Install CPF on a Headless Server

Hello all,

First time poster, long time lurker looking for a little help.

After reading about the benefits of the Comodo solution for directing traffic over multiple connections (real and virtual) I decided to take the plunge on my server. However, I must have jumped too soon and installed before reading a good tutorial on first time setup figuring it would be as easy as any other firewall I have ever used. Here’s the issue:

The server I installed on is a HP MediaSmart EX485 Server. This machine is 100% headless, meaning there is no way I can hook up a screen/mouse/keyboard up to it for administration. All this has to be done remotely. The server is running Windows Home Server (an off-shoot of Windows Server 2003). I RDC’d over to the machine and installed without hitch. However, after restarting the server as prompted, the server does not connect to my router, and thus I an unable to do any administration at all.

I realize there is little I can do about this at this point except for reinstalling the operating system and starting over. But, when I am able to get my server back up, I am still interested in running Comodo Firewall. Is there anything I can do to make sure the network will reinitialize upon the first restart?

Thanks
-JesterEE

I found this post that seems to have the answer I’m looking for.

https://forums.comodo.com/help/how_can_i_start_comodo_firewall_to_allow_all_connections-t9496.0.html;msg68775#msg68775

Can anyone verify this solution works?

-JesterEE

G’day,

That solution was developed for Comodo Personal Firewall V2.X, but the theory behind it is valid - a registry extract from an “Allow all inbound” firewall install is imported BEFORE restarting the PC, but the reg keys are different for V4. This does mean that you would have to have done an install on another machine before tackling the headless server, though.

Ewen :slight_smile:

P.S. The zipped reg key in the post you mentioned will not work on C3 or V4 due to differing registry layouts.

What you could do is the following.

Assuming you have some form of Remote Desktop Connection to the Server, Install CIS but DON’T reboot when it asks you.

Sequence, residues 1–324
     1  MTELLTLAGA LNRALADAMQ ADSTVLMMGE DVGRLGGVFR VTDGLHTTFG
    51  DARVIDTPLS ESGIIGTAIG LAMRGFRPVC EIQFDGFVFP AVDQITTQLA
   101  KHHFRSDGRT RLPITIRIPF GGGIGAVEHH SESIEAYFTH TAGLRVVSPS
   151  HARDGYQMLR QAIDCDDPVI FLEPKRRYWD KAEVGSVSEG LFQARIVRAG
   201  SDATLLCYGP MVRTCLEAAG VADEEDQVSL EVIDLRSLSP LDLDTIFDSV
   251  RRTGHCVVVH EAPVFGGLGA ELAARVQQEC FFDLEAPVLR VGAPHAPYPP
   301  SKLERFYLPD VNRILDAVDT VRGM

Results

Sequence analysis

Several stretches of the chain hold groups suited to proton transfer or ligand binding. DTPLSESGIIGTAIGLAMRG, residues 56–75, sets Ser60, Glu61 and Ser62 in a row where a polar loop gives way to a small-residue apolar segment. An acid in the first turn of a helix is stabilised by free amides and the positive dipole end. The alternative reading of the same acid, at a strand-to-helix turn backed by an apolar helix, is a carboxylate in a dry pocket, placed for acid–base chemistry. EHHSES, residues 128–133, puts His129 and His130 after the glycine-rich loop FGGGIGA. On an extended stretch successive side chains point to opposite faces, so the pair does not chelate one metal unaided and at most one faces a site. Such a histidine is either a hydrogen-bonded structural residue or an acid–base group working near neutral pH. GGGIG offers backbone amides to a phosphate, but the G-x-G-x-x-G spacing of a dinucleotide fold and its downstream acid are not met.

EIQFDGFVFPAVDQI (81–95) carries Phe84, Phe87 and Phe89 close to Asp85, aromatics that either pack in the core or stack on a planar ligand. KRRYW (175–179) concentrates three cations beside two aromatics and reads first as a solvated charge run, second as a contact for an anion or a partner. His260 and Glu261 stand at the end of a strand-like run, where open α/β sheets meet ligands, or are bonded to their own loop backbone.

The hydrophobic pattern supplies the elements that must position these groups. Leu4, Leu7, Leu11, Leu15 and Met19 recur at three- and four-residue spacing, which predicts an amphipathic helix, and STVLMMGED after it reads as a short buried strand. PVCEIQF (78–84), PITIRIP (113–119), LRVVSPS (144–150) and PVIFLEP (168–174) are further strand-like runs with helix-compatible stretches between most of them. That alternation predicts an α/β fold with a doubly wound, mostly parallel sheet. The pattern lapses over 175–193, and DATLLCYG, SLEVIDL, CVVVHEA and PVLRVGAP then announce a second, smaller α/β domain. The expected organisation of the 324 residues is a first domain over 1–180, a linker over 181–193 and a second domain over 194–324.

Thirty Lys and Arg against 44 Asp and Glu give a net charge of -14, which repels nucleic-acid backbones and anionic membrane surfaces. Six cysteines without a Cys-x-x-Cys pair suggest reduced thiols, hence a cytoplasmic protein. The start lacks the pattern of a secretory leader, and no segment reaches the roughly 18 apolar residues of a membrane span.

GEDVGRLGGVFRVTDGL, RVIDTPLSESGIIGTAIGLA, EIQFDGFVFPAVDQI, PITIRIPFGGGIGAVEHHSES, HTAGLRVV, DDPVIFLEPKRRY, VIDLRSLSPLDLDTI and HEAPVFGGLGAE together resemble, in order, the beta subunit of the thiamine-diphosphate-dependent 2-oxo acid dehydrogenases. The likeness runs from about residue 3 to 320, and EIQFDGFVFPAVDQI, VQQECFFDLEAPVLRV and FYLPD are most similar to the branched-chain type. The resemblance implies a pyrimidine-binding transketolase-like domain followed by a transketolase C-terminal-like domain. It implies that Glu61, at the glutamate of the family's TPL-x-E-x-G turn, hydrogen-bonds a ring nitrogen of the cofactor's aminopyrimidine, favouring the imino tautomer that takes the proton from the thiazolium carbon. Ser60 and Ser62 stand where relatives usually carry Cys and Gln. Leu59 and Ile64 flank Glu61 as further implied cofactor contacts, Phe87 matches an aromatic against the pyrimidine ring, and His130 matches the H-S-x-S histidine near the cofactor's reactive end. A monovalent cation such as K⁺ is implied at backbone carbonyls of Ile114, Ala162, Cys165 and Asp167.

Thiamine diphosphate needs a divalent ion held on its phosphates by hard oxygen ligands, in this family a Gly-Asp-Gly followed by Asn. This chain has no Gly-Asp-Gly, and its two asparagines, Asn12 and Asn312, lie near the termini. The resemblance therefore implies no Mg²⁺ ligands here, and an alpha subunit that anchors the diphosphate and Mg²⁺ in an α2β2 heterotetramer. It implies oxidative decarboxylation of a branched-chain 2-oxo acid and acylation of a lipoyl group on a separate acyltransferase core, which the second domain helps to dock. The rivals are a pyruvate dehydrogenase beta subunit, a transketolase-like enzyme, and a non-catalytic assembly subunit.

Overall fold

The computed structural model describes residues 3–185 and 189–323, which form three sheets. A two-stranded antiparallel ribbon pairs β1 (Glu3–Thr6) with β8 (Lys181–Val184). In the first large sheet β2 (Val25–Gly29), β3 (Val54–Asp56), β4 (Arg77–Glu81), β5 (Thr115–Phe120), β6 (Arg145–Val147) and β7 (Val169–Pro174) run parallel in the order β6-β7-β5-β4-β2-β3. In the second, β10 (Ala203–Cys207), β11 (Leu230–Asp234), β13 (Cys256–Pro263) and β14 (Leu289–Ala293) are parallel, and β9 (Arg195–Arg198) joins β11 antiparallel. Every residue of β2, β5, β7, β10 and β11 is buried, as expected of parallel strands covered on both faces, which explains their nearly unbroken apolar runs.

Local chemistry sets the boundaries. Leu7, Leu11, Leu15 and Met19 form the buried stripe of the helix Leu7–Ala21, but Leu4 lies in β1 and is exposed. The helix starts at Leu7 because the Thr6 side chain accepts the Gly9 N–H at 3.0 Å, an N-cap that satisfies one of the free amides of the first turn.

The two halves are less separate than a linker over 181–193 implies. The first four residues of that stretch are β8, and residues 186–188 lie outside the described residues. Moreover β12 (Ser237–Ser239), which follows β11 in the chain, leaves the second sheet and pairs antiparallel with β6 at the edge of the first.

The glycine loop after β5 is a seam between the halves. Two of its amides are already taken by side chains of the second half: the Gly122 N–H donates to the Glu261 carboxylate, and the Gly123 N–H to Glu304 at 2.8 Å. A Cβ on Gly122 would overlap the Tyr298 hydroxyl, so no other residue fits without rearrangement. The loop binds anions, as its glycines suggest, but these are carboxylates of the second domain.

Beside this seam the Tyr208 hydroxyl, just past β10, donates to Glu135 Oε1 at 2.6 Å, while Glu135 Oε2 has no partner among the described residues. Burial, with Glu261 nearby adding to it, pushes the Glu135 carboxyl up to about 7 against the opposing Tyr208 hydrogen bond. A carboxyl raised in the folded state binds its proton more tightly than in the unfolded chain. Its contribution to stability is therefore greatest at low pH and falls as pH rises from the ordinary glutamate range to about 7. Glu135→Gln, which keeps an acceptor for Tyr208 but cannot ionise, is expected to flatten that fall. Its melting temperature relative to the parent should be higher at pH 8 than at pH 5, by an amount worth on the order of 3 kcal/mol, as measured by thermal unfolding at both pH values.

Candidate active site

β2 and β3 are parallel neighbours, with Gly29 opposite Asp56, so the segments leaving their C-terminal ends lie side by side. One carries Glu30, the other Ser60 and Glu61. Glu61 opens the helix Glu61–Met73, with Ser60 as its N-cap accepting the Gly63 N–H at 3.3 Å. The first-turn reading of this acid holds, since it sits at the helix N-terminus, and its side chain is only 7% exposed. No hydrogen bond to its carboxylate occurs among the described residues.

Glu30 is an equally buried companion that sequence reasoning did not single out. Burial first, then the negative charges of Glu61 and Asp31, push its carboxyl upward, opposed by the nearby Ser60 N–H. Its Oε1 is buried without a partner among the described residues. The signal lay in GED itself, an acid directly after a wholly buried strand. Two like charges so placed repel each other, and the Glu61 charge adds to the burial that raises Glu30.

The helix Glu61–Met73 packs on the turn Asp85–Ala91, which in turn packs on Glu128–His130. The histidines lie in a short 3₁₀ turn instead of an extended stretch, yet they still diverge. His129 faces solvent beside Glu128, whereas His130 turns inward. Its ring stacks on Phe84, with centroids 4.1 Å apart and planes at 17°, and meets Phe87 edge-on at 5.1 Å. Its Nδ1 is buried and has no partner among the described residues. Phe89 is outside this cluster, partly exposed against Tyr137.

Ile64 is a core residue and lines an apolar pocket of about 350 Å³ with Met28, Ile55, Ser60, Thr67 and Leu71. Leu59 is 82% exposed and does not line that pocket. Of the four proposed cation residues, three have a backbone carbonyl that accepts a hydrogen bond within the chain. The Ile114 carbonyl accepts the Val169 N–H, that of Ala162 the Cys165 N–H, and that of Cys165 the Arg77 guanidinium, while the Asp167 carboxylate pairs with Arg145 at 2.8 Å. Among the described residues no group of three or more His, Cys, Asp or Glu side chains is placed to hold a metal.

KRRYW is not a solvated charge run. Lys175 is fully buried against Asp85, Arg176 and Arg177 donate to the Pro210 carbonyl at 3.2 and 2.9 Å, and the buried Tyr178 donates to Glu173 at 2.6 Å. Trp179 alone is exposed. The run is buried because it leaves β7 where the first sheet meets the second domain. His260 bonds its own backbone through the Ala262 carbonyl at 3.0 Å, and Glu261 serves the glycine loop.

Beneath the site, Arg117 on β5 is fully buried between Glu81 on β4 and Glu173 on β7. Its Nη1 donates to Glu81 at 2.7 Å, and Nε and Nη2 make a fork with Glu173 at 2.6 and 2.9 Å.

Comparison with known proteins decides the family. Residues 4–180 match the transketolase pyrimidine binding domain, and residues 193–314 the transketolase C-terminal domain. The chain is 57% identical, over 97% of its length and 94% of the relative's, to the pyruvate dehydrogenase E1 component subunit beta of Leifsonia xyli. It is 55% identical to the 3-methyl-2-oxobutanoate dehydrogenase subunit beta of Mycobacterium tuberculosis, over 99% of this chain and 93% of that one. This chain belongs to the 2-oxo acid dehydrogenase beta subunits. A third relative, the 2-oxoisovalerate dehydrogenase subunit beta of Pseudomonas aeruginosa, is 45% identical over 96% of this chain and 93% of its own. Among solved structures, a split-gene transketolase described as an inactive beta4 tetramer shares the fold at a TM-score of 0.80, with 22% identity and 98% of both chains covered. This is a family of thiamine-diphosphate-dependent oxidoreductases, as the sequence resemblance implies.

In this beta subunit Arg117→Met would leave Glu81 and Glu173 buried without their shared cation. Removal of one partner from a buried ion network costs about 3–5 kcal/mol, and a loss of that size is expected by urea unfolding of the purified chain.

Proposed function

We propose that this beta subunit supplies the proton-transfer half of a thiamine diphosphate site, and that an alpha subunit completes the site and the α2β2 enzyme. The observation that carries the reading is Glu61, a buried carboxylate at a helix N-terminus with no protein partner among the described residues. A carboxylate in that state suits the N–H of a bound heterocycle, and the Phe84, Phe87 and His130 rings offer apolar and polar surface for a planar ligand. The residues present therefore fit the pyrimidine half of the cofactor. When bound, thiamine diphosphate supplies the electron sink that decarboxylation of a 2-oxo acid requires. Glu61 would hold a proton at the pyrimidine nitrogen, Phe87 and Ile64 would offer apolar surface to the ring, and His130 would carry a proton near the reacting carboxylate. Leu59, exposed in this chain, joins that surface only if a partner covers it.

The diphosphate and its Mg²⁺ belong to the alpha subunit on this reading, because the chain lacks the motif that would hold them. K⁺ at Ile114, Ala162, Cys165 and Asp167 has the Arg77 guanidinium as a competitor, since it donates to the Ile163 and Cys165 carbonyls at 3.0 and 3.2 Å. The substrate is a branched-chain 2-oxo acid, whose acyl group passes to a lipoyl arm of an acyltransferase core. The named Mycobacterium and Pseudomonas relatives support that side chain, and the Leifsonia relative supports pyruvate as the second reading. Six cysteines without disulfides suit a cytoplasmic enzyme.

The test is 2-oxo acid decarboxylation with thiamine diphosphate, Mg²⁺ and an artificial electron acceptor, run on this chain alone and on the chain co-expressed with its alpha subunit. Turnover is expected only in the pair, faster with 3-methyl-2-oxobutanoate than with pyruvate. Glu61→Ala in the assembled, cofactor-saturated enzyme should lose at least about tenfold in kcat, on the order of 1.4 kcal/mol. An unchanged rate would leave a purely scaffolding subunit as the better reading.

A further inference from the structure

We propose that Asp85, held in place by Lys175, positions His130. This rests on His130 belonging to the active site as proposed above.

Now there are 2 ways

  1. Disable the firewall
  2. Change the firewall’s settings so you at least will have a Remote Desktop Session available.

After CIS is installed you can start it’s GUI and set the Firewall rules you need before you reboot, I would also change the following settings

  • Remove the “Block IP IN ANY ANY” global rule at least untill you have the other rules in place.
  • Set the Firewall to “Training mode” so what ever happens at system startup is learned instead of “asked”.
  • Go to more, settings and untick “Automatically detect private networks”.
  • Want to make it nice, create allow rules for incoming TCP 3389 of the Remote Desktop on global rules & for svchost.exe on Application rules.

From the top of my head Remote Desktop is serviced by svchost.exe but maybe that needs verification, I’m unable to verify that at the moment.

p.s. please be aware that if you install more then just Firewall you could also have to change the Defense+ settings to prevent “bricking” your server again.

Ronny’s suggestions sounds OK. I would also export the reg keys after setting the config up, so they are available for reinstall (if needed) or for other servers.

If you do extract the reg keys, can you please post a copy here, as others may find this useful.

Ewen :slight_smile:

What about Comodo Endpoint Security Manager?

Had no chance to test it but it supports Windows server and IIRC it should allow remote management.

I’m not sure if this is still working fine, they have added unique UIDs to the keys and I have seen some strange behaviors on “partial” registry imports.
Resulting in corrupt configurations on v4. I have to note those registry imports where v3 though…

That should also do the trick, that environment supports remote deployment and management at least of the CIS configuration so if you lock something out you should be able to fix it on the management server.

Good point Ronny. I forgot about the user IDs.

Everyone,

Thanks so much for your input.

@Endymion

The Comodo Endpoint Security Manager does look like a slick piece of software, and I will certainly keep it in mind for the future. I think that for a personal server and a LAN of 3, it might be a bit of overkill, and might not even work with the Windows Home Server infostructure as there is no Active Directory for “client administration and authentication”. I call my machine a server, well, because that’s what it is, but it doesn’t really do any administration over other machines. It’s really just there to supply files, media and do data backups. In that sense, it’s really no different than having a dedicated computer on a network of peers. For that network model, I don’t think this tool is the best suited, but please let me know if I am missing something.

@panic and Ronny
Great suggestions here! Really, I’m glad you’re here posting on the nuances I know nothing about. Since your feedback leads me to believe that just targeting the registry entries might not be effective, I will try and open the configurations up before I restart. Should I log any files/settings/registry entries before and after so that I can potential help others in the same boat? If so, which ones?